GDP Per Capita (USD)
(World Bank, 2013)
|Year of GST Implementation||Initial Rate (%)||Current Rate (%)|
At 6%, Malaysia currently boasts the lowest GST in the region. The federal government says that unlike the case in Singapore, it has no intentions of raising the figure.
From the looks of it, however, it does seem to be tracing Singapore’s footsteps in how it is shifting reliance away from direct taxation on individual and corporate taxpayers to indirect taxation.
Revenue generated from the 6% GST will go a long way towards plugging Malaysia’s widening fiscal deficit and inadequate tax-collection system, under which only an estimated 14.8% of employees and 11% of registered companies pay income tax.
With the implemented GST, the government hopes to trim its fiscal deficit from 3.5% of GDP last year to 3.2% this year, and also raise an estimated RM22 billion (S$8.15 billion) in additional revenue each year.
Not a timely move
Unlike the other Southeast Asian countries, Malaysia’s GST comes with a longer list of exemptions and zero-rated goods.
Certain essential goods and services, such as cooking oil, rice, sugar, fresh produce and electricity won’t be taxed, while others, such as clothes and electronic gadgets, will.
This makes it cumbersome for tax administration, but at the same time, it’s the government’s way of striking a balance between revenue collection and providing a social safety net for the poor. To further offset adverse reaction to the GST, the income tax rate will be reduced by 1 to 3% for individual taxpayers, and the Bantuan Rakyat 1Malaysia (BR1M) financial aid increased by RM300 for low-income families.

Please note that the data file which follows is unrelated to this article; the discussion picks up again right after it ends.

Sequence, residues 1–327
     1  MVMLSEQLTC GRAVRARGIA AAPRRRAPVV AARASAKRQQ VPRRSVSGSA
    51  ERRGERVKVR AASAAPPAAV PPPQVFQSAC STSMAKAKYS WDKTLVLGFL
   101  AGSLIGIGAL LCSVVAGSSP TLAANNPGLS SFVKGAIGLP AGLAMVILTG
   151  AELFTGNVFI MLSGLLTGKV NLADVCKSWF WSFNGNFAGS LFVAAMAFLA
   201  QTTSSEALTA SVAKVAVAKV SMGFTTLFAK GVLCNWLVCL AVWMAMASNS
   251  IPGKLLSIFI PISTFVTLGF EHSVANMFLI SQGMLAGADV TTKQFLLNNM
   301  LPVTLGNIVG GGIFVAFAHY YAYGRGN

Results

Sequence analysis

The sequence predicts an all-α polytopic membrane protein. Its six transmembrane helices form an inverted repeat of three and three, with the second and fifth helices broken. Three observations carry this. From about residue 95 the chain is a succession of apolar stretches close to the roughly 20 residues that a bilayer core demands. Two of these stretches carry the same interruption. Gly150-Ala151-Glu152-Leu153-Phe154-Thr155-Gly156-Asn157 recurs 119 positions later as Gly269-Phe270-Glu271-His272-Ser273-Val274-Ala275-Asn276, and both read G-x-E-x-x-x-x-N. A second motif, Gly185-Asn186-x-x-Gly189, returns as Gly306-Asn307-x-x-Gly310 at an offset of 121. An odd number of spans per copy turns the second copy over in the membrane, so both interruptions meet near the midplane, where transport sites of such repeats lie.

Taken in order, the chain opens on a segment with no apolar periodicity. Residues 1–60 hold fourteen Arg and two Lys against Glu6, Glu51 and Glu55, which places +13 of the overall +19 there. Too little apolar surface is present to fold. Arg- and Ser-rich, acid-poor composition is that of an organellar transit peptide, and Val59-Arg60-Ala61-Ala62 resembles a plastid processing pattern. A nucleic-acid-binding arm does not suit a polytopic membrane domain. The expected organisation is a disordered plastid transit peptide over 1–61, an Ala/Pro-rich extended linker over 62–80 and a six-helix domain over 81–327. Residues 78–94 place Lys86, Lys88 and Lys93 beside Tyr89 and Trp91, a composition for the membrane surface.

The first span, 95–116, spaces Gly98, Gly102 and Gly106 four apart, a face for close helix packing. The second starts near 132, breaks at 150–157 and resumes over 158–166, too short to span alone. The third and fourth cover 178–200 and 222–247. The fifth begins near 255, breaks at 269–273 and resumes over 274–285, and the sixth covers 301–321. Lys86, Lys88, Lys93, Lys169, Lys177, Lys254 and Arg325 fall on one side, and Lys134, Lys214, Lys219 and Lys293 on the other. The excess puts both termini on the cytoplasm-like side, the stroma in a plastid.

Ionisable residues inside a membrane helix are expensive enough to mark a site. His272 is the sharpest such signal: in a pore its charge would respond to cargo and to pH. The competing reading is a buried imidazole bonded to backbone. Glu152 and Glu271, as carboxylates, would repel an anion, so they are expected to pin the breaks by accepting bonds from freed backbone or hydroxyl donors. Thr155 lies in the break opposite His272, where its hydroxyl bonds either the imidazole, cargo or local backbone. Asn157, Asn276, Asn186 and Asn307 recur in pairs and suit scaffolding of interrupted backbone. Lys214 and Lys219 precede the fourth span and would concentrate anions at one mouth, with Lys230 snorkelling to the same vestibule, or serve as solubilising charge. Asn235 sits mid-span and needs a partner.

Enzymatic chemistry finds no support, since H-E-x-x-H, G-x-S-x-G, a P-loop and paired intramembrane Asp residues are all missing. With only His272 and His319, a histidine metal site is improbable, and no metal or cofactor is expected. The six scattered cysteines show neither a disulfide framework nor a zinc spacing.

The problem is, is this enough to soothe public dissent and silence critics?
According to news reports, the implementation of GST has been a bitter pill to swallow for many Malaysians. As the day progressed, many of them took to lamenting on social media and protesting at their local customs offices.
Disgruntled shoppers were also flocking to malls and supermarkets over last weekend to stock up on essential goods, sparking concerns about a possible retail slump in the weeks ahead.
Owners of small- and medium-sized enterprises, too, have raised their confusion over tax submission, invoicing and accounting processes, and the possible need to raise prices in view of compliance costs to install new software and hire new accountants.
Additionally, the imposition of GST has prompted remonstrations from opposition parties, who claim consumers are being left with the bill for the government’s mismanagement of the economy.